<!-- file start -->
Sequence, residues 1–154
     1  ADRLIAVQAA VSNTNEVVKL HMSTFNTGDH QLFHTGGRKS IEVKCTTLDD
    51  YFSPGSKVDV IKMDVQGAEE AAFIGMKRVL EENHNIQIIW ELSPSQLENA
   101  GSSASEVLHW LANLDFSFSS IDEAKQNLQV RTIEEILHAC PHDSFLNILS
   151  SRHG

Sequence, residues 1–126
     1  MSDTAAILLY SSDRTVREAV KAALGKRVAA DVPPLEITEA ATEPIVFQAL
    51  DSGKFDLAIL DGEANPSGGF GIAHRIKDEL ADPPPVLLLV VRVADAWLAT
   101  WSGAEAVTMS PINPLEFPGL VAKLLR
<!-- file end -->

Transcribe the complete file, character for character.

Sequence, residues 1–154
     1  ADRLIAVQAA VSNTNEVVKL HMSTFNTGDH QLFHTGGRKS IEVKCTTLDD
    51  YFSPGSKVDV IKMDVQGAEE AAFIGMKRVL EENHNIQIIW ELSPSQLENA
   101  GSSASEVLHW LANLDFSFSS IDEAKQNLQV RTIEEILHAC PHDSFLNILS
   151  SRHG

Sequence, residues 1–126
     1  MSDTAAILLY SSDRTVREAV KAALGKRVAA DVPPLEITEA ATEPIVFQAL
    51  DSGKFDLAIL DGEANPSGGF GIAHRIKDEL ADPPPVLLLV VRVADAWLAT
   101  WSGAEAVTMS PINPLEFPGL VAKLLR